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The Crucial Difference Between Policies and Programs

When the goal is social equity, programs are important but policies are for the long term.

In the ongoing struggle for social justice and equity, policies and programs can both be helpful tools. However, government officials and their constituents need to understand the distinctions between the two and the responsibility of governance for policy to institute real, progressive change.

Programs are short-term interventions that create temporary improvements in the wake of challenges. Policies, on the other hand, are covenants we collectively choose to live by, as articulated in legislation and regulation. They inform our socially accepted mores and ethics.

As a citizen of St. Louis, I've witnessed a massive outcry for policy intervention in the year since the killing of a black teenager by a white police officer in nearby Ferguson. To meet that demand, the Ferguson Commission has sought to clarify the best approach for ensuring that the momentous changes that our region and the rest of the country need can happen -- and that, more importantly, they endure.

First, the commission, which I co-chair, identified a few mission-critical areas for driving equity and determined that what is needed is a system for averting racial injustice in policymaking. Whether through a city council, a state legislature or the halls of Congress, we must look carefully at the data and ask: Could certain populations be negatively affected by a piece of legislation?

This is where the distinction between programs and policies comes in. Ultimately, programs can't eliminate the systemic injustices that any group faces. They can help people manage the effects of these injustices, but they don't overcome or cure them. Policies, conversely, actually shift the way communities and their members react and relate to one another, empowering people to improve their own well-being in a systematic way. We can only achieve equity for all in America through collective commitment to policy intervention and a clearly articulated picture of success.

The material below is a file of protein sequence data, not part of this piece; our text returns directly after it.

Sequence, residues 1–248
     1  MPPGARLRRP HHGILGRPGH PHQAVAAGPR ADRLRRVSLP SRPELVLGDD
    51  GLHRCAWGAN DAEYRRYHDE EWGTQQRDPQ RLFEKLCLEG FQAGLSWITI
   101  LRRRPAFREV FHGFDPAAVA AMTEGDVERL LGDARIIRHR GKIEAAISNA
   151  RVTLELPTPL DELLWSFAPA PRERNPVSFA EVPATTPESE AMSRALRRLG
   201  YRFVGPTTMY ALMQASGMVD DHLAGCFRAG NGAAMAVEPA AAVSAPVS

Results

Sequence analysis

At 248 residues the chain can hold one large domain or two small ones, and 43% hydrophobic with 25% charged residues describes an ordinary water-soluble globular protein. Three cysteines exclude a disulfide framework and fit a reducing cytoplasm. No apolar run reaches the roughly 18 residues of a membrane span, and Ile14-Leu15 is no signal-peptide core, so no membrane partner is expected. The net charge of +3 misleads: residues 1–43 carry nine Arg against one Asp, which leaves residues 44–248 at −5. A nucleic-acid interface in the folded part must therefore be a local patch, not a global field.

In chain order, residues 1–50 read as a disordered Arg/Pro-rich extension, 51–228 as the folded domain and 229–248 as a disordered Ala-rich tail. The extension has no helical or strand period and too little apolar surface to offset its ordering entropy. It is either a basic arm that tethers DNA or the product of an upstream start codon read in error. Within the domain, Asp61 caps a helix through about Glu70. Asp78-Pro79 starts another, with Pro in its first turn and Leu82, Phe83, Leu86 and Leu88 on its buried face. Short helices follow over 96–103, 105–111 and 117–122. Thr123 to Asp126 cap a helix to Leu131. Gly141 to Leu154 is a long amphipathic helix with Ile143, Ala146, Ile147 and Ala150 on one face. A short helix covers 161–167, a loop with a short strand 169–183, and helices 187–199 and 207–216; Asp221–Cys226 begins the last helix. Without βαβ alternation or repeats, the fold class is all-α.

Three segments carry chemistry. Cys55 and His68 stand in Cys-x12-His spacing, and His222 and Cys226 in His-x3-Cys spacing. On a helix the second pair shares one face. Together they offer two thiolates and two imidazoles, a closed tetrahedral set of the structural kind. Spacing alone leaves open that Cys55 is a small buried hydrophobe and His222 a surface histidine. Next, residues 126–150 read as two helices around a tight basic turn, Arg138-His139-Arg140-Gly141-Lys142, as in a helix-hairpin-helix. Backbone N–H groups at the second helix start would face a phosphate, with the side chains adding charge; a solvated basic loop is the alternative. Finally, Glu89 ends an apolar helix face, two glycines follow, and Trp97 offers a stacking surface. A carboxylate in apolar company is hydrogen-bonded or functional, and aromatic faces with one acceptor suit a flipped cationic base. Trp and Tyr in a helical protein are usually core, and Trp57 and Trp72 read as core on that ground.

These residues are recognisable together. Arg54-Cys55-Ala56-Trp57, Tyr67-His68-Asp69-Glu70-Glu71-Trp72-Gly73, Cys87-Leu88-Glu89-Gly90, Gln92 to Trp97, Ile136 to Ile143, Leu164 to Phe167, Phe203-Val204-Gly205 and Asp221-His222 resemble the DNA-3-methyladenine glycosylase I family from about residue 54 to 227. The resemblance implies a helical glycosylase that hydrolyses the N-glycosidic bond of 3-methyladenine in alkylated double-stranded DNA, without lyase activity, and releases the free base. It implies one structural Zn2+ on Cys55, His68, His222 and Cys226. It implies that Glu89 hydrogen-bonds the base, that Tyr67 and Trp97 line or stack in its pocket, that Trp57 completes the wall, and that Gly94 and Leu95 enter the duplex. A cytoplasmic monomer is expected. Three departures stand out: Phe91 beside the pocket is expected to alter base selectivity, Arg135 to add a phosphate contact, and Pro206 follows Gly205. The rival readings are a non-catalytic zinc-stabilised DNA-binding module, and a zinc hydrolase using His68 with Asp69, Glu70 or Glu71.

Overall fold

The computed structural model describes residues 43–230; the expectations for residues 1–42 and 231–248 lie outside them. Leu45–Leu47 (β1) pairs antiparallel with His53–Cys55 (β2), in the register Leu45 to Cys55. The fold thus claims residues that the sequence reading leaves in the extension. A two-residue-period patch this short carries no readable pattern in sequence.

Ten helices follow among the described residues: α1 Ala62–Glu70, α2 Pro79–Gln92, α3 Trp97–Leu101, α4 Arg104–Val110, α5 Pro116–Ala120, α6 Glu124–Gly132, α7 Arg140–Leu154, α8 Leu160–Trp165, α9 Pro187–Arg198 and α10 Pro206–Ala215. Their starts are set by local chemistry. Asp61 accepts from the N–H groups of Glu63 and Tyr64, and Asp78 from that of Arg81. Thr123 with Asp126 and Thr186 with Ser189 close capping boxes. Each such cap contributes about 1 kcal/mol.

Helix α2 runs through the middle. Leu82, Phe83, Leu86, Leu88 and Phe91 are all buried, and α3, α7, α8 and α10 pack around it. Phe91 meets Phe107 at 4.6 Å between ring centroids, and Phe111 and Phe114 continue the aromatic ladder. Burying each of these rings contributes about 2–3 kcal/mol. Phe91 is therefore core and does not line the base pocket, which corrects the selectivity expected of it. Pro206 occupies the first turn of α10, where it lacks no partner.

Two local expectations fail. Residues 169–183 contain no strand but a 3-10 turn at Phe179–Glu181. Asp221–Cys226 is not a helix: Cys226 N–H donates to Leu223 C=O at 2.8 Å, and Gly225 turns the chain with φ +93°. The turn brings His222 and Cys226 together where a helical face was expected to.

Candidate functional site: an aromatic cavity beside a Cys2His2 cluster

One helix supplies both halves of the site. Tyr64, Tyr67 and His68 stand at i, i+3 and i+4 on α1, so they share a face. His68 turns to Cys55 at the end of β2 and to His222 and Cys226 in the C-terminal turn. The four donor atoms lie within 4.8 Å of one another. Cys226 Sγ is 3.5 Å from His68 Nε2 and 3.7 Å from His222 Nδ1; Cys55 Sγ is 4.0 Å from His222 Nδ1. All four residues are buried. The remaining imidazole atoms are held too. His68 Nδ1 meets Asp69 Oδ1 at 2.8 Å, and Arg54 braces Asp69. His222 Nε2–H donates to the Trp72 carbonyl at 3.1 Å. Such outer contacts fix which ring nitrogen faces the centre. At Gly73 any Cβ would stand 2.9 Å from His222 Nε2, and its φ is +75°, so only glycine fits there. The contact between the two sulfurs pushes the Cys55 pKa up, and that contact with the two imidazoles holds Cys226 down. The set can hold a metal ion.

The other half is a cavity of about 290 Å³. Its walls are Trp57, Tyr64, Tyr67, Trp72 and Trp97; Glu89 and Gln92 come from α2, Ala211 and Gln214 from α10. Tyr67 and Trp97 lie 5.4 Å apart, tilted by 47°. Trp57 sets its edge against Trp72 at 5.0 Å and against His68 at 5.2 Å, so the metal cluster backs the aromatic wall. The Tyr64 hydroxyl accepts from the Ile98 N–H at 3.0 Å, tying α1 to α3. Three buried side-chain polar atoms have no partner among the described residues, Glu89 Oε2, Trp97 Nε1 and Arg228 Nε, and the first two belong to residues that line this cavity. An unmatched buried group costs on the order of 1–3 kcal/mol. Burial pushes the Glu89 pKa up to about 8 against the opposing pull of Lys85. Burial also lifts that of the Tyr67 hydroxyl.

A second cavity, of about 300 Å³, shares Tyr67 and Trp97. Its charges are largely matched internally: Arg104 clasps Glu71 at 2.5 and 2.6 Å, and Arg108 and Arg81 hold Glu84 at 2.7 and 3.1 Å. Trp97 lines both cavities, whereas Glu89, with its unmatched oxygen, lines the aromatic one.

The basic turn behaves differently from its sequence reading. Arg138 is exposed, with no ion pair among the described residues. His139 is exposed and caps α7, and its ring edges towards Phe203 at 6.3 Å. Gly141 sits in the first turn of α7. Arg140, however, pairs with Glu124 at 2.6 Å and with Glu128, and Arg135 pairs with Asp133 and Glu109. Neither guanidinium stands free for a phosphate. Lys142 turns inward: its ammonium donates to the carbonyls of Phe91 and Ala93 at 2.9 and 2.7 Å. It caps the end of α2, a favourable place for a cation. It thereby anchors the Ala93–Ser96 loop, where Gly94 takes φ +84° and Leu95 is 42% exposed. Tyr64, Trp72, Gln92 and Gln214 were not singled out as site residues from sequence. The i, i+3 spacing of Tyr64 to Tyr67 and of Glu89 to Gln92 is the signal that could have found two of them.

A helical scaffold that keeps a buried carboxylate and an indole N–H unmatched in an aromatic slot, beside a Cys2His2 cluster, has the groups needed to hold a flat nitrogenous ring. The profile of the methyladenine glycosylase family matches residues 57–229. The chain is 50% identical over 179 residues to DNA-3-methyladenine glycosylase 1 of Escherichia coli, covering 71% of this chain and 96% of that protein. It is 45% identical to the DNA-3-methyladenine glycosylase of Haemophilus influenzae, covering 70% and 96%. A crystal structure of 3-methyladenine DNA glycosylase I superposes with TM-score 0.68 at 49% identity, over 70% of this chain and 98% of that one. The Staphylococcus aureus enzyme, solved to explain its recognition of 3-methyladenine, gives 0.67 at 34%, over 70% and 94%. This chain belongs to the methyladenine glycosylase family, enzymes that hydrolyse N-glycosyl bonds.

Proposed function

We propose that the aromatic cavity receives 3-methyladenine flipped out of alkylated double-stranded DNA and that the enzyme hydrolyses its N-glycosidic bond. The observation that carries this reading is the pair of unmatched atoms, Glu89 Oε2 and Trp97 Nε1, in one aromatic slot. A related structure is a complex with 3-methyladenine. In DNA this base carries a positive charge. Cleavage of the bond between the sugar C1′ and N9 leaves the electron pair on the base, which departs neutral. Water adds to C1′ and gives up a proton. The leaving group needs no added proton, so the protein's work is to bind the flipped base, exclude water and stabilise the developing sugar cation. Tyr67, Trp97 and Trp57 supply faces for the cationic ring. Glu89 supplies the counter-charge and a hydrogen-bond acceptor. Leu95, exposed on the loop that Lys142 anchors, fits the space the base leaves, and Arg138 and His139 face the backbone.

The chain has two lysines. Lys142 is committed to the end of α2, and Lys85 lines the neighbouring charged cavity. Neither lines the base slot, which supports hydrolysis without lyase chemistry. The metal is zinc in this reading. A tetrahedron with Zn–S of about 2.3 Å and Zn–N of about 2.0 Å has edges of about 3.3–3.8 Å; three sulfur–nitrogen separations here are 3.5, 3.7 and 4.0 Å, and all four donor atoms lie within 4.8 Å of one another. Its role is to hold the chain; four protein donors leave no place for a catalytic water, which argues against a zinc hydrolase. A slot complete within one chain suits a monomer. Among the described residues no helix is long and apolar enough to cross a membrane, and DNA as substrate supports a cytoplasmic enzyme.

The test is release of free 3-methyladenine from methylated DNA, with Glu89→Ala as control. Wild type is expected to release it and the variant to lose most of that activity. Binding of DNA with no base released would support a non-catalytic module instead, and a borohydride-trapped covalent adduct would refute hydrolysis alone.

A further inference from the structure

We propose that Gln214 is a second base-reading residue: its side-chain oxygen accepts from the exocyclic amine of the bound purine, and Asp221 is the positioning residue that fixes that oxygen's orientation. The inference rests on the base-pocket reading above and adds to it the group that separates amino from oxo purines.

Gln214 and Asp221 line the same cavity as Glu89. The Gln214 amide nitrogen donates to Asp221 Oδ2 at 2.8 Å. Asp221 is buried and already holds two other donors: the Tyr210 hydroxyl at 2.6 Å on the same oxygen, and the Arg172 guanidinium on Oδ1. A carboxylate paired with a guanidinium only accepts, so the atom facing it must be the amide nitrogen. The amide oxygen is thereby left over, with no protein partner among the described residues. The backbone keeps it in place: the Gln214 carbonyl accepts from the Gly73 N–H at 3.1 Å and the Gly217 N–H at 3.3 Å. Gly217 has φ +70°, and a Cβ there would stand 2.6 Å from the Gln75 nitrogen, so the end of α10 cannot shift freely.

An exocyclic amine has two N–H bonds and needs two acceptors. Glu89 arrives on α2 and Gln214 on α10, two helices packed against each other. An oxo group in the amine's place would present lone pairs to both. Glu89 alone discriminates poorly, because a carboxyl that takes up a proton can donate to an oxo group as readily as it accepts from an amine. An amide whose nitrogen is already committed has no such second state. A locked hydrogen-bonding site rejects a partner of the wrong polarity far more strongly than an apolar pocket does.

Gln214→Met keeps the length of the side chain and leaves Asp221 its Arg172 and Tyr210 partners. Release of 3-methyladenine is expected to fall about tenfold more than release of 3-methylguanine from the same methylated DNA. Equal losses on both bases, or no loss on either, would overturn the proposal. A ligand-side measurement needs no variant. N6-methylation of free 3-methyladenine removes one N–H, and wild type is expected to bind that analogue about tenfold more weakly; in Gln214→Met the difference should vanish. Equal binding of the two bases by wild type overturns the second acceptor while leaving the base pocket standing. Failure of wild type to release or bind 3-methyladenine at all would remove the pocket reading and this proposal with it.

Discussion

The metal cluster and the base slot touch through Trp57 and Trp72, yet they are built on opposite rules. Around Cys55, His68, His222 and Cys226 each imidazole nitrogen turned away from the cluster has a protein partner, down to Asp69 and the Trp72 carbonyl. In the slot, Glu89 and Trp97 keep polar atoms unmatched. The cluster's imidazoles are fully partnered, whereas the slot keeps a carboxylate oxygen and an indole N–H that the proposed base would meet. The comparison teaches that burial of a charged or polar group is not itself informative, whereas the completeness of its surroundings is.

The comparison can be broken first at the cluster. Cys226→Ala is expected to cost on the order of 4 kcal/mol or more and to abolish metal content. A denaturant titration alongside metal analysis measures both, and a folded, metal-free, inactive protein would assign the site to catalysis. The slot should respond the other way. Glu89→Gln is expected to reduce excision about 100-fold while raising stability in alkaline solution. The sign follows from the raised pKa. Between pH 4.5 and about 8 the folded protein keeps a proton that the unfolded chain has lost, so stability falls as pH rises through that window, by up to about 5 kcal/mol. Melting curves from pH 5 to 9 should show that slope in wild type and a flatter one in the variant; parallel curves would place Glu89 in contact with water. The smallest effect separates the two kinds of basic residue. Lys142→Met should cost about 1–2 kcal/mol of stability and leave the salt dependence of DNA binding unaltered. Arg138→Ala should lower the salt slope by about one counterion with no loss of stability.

The success of any program or policy is defined by the values a community holds. For America to live its values of liberty, justice, and progress -- marked by equity in health, income, housing and education by providing equal opportunities for success to all -- both programs and policy must target economic mobility.

One true measure of success is whether people and their children can attain equitable life outcomes. In this context, America's scorecard is dismal at best. So how can programs and policies help, respectively?

In 1873, Susan Blow established the first publicly funded kindergarten in the United States at the Des Peres School in the Carondelet neighborhood of St. Louis. A decade later, every school in the city had kindergarten, leading the nation. Now, when more than half of all public-school students live below the poverty line, every American child has access to this resource without restriction, The concept of public education and its systems were set up to guarantee equal access, making this an actual policy intervention and a nationwide commitment.

Subsequently, programs like Parents as Teachers (PAT), an evidence-based home visiting model founded in Missouri in 1981, have been replicated across various states. This program requires school districts to visit parents at home and equip them to prepare their very young children for school by acting as their first teachers.

When programs like PAT are initiated at scale, they can drive a community's values forward. Hard-wiring a program into the state budget, establishing a federal presence, encouraging replication and making it accessible to all individuals are public commitments. Because PAT scaled through public funding and legislation, it actually became a policy intervention.

The provision of civilian oversight for local police forces is another necessary policy intervention. If we hope to improve relationships between citizens and law enforcement in a sustainable way, these bodies should have subpoena power and authority to investigate issues surrounding police behavior. Voluntary community-outreach efforts and community programs such as police athletic leagues can be complementary, but they don't reflect collective vision and values.

For nearly two generations, American government has outsourced its policymaking responsibilities, shifting the burden to a fragmented landscape of nonprofit organizations running social programs rather than drafting policy that guides, nurtures and cultivates communities with fiscal commitments. Our society has come a long way in providing access and opportunity, but lasting change and social equity doesn't happen overnight. The surest way to achieve this vision is to collectively recommit to America's evergreen values of justice and progress and to drive those values through widespread policy change.

President of the Deaconess Foundation and co-chair of the Ferguson Commission
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